I finally know why people are so fascinated with pinhole camera photography. It is a LOT of fun!
ARTspace offered a pinhole camera photography workshop this week, and I signed up. The added bonus is that as all work created during the workshop will be part of an exhibition at the Thames Art Gallery in May.
My first photograph was completely black. My second photograph was almost completely white. Then I just got frustrated and ended up with a few images that were half-baked. I am so used to the immediacy of digital photography and I found it very difficult to adjust my expectations. Near the end of the 3-hour session, however, I started to find my groove. Of course, it was about 9pm at this point, and the light outside was waning.
I firmly believe that there is a solution for everything. There is always a Plan B. What is brightly lit at 9pm, any night of the week? A jewellery store window, of course! With pinhole camera in hand, I stood in front of my favourite jewellery store window for 13.5 minutes. I had actually intended to stand and let the photo 'develop' for 25 minutes, but it is surprisingly unnerving to pretend to look at a jewellery store window for any length of time. Especially at night. It is almost impossible to be inconspicuous. I would make a lousy criminal. I can't even loiter without feeling guilty.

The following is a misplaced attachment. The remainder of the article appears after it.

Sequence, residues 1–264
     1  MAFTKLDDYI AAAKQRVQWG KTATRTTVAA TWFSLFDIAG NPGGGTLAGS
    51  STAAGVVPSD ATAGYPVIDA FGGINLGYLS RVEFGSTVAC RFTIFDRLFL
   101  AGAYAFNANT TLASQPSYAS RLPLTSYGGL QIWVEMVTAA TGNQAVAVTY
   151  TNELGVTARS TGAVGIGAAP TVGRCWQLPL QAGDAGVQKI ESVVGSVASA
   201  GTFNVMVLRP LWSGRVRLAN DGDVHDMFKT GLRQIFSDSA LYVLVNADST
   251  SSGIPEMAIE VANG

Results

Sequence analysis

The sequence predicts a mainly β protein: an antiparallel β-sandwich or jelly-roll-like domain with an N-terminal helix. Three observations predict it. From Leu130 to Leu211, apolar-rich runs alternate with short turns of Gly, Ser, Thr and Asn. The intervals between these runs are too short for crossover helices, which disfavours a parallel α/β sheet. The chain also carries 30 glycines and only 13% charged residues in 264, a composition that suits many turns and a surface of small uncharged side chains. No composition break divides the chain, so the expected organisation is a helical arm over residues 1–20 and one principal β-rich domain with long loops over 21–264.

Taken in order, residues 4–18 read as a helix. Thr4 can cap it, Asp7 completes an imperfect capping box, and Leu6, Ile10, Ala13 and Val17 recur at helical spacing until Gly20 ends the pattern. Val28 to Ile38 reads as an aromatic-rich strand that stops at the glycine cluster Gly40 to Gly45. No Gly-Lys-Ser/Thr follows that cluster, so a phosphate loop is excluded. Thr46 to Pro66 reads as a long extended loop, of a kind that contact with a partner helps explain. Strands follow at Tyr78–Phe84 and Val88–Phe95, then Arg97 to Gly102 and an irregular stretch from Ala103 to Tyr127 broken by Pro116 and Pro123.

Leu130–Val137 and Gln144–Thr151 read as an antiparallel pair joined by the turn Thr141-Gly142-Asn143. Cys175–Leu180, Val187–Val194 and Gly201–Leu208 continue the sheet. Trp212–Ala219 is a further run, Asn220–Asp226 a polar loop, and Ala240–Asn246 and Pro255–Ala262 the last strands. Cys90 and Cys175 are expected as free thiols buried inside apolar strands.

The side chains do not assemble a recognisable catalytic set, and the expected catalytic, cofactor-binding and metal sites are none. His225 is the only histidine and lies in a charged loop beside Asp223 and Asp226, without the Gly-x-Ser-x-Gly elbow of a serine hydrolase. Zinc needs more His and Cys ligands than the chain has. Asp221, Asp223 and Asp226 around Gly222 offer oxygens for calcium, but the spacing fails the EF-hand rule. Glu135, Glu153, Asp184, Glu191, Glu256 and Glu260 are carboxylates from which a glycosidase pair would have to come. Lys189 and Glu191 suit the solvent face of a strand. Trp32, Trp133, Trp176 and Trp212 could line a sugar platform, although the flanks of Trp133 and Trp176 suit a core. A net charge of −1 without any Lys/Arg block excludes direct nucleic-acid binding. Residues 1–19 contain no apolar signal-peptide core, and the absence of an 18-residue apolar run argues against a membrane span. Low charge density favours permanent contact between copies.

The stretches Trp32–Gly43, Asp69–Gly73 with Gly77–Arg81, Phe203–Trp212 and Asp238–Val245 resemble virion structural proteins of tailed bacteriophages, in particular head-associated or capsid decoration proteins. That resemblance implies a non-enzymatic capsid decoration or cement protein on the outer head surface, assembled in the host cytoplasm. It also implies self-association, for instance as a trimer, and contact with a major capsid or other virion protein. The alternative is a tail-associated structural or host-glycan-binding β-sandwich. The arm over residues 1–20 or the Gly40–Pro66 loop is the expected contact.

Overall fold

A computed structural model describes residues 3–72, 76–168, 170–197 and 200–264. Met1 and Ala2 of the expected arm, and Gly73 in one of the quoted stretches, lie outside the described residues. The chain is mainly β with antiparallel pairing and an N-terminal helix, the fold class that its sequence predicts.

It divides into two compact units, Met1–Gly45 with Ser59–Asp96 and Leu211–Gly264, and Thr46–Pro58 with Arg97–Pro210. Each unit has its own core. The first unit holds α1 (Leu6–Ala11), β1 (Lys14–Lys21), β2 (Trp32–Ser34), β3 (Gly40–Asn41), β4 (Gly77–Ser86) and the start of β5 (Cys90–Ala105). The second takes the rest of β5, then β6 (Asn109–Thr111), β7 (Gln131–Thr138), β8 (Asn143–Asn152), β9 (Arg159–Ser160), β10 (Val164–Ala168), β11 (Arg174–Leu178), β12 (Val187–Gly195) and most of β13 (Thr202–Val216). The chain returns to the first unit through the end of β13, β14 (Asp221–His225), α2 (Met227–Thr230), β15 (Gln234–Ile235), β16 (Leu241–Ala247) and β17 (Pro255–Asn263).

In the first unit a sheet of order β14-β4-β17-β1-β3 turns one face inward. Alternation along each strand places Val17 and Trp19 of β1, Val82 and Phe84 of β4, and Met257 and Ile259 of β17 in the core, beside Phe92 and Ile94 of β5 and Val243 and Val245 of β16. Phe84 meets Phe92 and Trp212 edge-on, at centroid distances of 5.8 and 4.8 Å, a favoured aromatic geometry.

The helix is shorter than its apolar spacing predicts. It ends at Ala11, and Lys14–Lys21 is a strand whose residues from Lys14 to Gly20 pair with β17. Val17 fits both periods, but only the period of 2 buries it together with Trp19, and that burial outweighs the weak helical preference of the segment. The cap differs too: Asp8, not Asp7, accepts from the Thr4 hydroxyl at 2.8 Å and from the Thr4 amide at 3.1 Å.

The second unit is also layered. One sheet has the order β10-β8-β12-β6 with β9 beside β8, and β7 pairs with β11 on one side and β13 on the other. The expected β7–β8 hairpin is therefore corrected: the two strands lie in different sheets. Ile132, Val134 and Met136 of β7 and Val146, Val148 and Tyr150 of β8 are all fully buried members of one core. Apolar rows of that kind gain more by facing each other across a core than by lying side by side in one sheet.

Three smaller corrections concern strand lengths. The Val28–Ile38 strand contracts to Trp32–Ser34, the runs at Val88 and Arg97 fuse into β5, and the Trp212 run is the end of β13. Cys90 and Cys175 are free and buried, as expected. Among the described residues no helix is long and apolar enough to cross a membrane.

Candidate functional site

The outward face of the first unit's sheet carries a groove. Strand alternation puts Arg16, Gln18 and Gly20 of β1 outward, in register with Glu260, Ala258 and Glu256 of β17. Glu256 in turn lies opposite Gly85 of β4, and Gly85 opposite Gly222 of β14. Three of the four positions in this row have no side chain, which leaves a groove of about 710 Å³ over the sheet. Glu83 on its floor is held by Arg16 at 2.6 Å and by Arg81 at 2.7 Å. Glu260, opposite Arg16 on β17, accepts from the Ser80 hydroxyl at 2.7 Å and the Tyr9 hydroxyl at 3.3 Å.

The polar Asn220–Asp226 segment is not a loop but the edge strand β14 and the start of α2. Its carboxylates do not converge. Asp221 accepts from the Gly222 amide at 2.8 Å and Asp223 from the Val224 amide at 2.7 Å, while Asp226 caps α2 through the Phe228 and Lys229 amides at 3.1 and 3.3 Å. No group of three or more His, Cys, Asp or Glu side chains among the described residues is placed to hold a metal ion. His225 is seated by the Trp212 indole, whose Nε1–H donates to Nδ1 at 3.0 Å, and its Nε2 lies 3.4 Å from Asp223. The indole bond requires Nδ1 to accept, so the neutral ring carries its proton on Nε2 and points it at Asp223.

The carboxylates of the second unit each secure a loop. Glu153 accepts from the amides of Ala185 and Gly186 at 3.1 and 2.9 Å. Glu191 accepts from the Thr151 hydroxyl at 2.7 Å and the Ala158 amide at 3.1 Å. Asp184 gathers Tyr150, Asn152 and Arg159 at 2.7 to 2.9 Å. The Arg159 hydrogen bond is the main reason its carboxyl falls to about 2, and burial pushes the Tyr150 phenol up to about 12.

"What's so interesting?"
"What's in the box?"
"What are you doing?"
By 9:15pm, I decided that I would accept whatever image had burned into the photo paper and call it a night. I practically ran back to ARTspace and burst into the darkroom, hoping that I had created something I could at least call "creative". Everyone else had gone home by this point, but the instructor was just as interested as I was to see the result.
My favourite jewellery store has fabulous window displays. This month, there are three large stone Buddhas in the window. I managed to capture a fairly decent image of one of the Buddhas and I am pleased with the result.